Government Affairs Albany UpdateJune 3 , 2005
- Speaker Silver Announces the Formation of Numerous New Assembly Subcommittees
- Health Insurance Bills Moving in the Senate
- New Senate "Offshoring" Bill
- Chemical Security” Substance List
- NYS Vapor Intrusion Policy
- Governor Announces 15 Appointments to Health Care Facilities Commission
Speaker Silver has announced the creation of twenty-four new Assembly Subcommittees dealing with a variety of issues. Examples include a Subcommittee on Export Trade, Subcommittee on Renewable Energy and a Subcommittee on Emerging Workforce.
S.1372 sponsored by Senator James Seward passed unanimously in the Senate this past week. This legislation creates a New York health benefit and cost commission to provide cost and benefit analysis to both the legislature and the public with regards to deciding whether to require policies to include a certain benefit. The bill has been delivered to the Assembly and referred to the Insurance Committee. Its companion bill (A.6193) is sponsored by Assemblyman Clifford Crouch.
S.1405 which establishes Freedom Health Insurance Plans was reported out of Senate Finance this week and referred to the Rules Committee. The bill, sponsored by Senator James Seward, is strongly supported by The Business Council and is one of the priority issues that will be used to evaluate the legislature in our Vote for Jobs 2005 scorecard.
Staff Contact: Ken Pokalsky
Senator LaValle has introduced a second Senate "Anti-Offshoring" bill, S.5533, directed at contracts let by the "regents of university of the state of New York." More specifically, the bill defines "contracting agency" as the state university, the city university of New York, community colleges and the State Education Department. Note that the previous legislation, S.5427 (Maziarz), exempted the State Education Department. Similar to the Maziarz bill, S.5533 generally requires affected contracts to include provisions requiring all "services" performed under such contract or related sub-contracts be performed within the U.S., unless a finding is made that such services are not available using domestic labor.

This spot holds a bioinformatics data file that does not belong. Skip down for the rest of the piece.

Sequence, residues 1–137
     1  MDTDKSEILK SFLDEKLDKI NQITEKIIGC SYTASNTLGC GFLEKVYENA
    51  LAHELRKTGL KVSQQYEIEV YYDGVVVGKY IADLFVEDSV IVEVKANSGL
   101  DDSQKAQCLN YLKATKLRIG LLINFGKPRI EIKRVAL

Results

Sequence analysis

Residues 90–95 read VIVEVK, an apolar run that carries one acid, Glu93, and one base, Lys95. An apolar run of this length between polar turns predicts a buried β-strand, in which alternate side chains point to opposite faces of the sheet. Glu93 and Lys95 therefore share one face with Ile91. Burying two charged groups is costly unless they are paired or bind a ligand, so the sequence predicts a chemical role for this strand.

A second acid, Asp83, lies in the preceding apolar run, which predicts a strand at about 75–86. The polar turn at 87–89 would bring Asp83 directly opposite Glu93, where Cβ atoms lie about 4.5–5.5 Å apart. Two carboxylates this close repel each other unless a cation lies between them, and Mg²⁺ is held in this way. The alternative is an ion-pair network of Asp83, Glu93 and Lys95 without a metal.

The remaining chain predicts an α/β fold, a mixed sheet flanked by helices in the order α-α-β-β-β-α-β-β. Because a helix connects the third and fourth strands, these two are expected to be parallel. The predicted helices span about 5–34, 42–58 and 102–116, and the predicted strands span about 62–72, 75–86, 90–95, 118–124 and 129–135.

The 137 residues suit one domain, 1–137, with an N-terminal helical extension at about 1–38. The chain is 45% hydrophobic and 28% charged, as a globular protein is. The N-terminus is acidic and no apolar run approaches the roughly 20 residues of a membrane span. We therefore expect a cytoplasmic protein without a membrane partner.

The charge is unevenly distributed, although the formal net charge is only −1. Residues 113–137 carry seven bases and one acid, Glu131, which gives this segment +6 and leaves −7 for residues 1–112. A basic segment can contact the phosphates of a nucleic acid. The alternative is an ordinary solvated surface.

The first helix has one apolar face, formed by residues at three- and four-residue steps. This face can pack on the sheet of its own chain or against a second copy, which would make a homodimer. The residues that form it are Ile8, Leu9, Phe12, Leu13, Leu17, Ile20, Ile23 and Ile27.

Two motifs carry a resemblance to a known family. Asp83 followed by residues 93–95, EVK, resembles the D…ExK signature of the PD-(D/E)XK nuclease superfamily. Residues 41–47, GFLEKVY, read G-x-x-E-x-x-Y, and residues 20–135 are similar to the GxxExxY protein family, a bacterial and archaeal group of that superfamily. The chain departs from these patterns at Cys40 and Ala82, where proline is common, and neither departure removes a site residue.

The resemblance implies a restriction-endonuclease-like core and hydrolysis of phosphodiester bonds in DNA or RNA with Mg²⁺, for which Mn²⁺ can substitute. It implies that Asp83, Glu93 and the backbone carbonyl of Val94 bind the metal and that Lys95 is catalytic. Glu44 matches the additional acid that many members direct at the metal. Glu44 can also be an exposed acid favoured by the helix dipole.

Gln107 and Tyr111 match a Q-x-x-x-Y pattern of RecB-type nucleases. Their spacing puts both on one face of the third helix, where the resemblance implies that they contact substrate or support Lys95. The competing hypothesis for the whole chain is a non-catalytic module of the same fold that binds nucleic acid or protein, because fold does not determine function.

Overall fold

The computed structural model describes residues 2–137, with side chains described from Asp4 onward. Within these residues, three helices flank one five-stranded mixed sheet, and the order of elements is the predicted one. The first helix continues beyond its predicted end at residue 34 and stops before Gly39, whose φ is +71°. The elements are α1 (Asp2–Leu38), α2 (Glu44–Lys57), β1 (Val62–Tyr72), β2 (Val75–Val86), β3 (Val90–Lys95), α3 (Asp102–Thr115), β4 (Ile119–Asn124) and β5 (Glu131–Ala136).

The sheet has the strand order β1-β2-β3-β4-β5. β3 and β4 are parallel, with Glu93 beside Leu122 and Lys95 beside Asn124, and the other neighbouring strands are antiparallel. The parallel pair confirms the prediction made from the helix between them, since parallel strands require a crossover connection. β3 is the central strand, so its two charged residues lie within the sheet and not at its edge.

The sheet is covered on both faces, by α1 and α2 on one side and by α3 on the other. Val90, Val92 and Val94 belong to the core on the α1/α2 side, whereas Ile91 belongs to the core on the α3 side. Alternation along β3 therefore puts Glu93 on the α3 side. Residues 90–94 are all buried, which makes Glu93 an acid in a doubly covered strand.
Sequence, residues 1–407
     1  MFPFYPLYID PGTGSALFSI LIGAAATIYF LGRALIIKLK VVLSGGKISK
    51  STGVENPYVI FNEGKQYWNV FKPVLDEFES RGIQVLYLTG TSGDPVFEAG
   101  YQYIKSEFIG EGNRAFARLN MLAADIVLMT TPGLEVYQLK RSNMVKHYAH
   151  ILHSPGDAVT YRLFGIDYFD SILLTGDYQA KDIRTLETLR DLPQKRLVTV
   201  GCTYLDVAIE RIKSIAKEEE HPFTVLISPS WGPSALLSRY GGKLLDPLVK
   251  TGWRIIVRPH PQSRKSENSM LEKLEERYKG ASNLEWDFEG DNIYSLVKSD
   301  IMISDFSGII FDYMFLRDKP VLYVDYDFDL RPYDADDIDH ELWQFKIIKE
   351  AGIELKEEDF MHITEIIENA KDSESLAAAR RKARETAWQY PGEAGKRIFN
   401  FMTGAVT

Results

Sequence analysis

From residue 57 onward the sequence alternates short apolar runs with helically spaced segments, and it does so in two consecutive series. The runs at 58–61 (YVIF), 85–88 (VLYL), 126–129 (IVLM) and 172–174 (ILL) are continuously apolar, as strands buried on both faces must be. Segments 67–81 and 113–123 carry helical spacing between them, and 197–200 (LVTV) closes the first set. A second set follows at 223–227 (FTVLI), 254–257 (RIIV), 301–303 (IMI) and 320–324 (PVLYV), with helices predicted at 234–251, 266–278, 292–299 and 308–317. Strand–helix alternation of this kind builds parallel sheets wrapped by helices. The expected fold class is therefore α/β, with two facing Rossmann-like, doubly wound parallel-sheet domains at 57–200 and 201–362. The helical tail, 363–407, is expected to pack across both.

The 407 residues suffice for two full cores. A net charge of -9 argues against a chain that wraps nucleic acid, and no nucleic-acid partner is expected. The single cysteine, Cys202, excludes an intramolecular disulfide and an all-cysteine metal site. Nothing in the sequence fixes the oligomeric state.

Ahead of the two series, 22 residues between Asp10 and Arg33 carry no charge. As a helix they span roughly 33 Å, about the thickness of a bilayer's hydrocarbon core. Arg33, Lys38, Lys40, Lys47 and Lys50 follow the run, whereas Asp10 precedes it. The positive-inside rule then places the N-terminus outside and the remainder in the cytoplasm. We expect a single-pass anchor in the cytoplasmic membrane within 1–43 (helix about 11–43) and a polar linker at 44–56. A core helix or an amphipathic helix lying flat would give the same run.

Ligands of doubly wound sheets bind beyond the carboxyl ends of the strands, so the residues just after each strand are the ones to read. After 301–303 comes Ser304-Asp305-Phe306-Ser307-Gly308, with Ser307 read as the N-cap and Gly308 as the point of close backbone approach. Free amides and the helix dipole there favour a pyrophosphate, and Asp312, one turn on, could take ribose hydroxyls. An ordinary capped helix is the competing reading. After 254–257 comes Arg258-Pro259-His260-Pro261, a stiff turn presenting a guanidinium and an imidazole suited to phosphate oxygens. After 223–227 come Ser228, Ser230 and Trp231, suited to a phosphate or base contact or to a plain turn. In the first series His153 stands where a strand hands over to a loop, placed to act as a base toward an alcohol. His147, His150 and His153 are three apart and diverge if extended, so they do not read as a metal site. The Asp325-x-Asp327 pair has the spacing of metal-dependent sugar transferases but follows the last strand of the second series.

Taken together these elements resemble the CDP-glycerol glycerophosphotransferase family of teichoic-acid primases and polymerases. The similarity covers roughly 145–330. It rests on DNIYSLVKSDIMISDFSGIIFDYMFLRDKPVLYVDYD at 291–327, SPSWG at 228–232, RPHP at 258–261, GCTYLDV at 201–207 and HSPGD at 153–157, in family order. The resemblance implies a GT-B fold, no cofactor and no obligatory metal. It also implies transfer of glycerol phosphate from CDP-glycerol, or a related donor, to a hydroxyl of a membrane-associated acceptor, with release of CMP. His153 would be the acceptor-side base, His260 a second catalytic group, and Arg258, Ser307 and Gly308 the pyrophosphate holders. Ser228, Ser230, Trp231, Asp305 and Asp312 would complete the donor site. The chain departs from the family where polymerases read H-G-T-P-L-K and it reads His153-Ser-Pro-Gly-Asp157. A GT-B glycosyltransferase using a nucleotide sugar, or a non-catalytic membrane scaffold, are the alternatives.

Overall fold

The Business Council has opposed these proposals as being contrary to New York's long-term economic well-being, given our state's significant involvement in international trade.
Note also that the Assembly has introduced a companion to S.5427. This legislation, A.8669, was introduced as a Rules Committee bill with Assemblywoman Susan John as the prime sponsor. The bill is listed as a "same as;" however the Assembly bill text was not available as of this writing.
Staff Contact: Ken Pokalsky
The New York State Office of Homeland Security has proposed a rule that lists more than 400 hazardous substances of concern, pursuant to the “protection of critical infrastructure” legislation approved in 2004. This proposal lists the substances that would be considered by the OHS in identifying chemical manufacturing, storage and usage facilities that are of concern to the state from an anti-terrorism perspective - both in terms of potential off-site impact from the release of chemicals, and the potential for on-site chemicals to be stolen for off-site usage. Ultimately, the 2004 legislation allows the state to require such facilities to complete vulnerability assessments, and to propose and implement security upgrades.
Generally speaking, the proposed OHS list contains: chemicals regulated under Section 112(r) of the federal Clean Air Act (i.e., risk management plan substances, see 40 CFR Part 68); substances listed as “acutely hazardous” in New York's chemical bulk storage program (6 NYCRR Part 597); substances listed by the international Chemical Weapons Convention; RMP program explosives and flammables.
The Business Council believes that, while the OHS proposal is fairly reasonable, we are concerned that the criteria for including state-listed toxics and chemical weapon precursors may be overly broad.
This proposal was published in the May 25, 2005 State Register. The public comment period ends on July 11, 2005 (45 days after publication.) The Business Council will be working with its Chemical Security subcommittee to develop and submit comments. Contact The Business Council if you would like additional background on the “critical infrastructure” legislation, would like to receive a copy of this rulemaking, and/or if you would like to participate in our response effort.
Staff Contact: Ken Pokalsky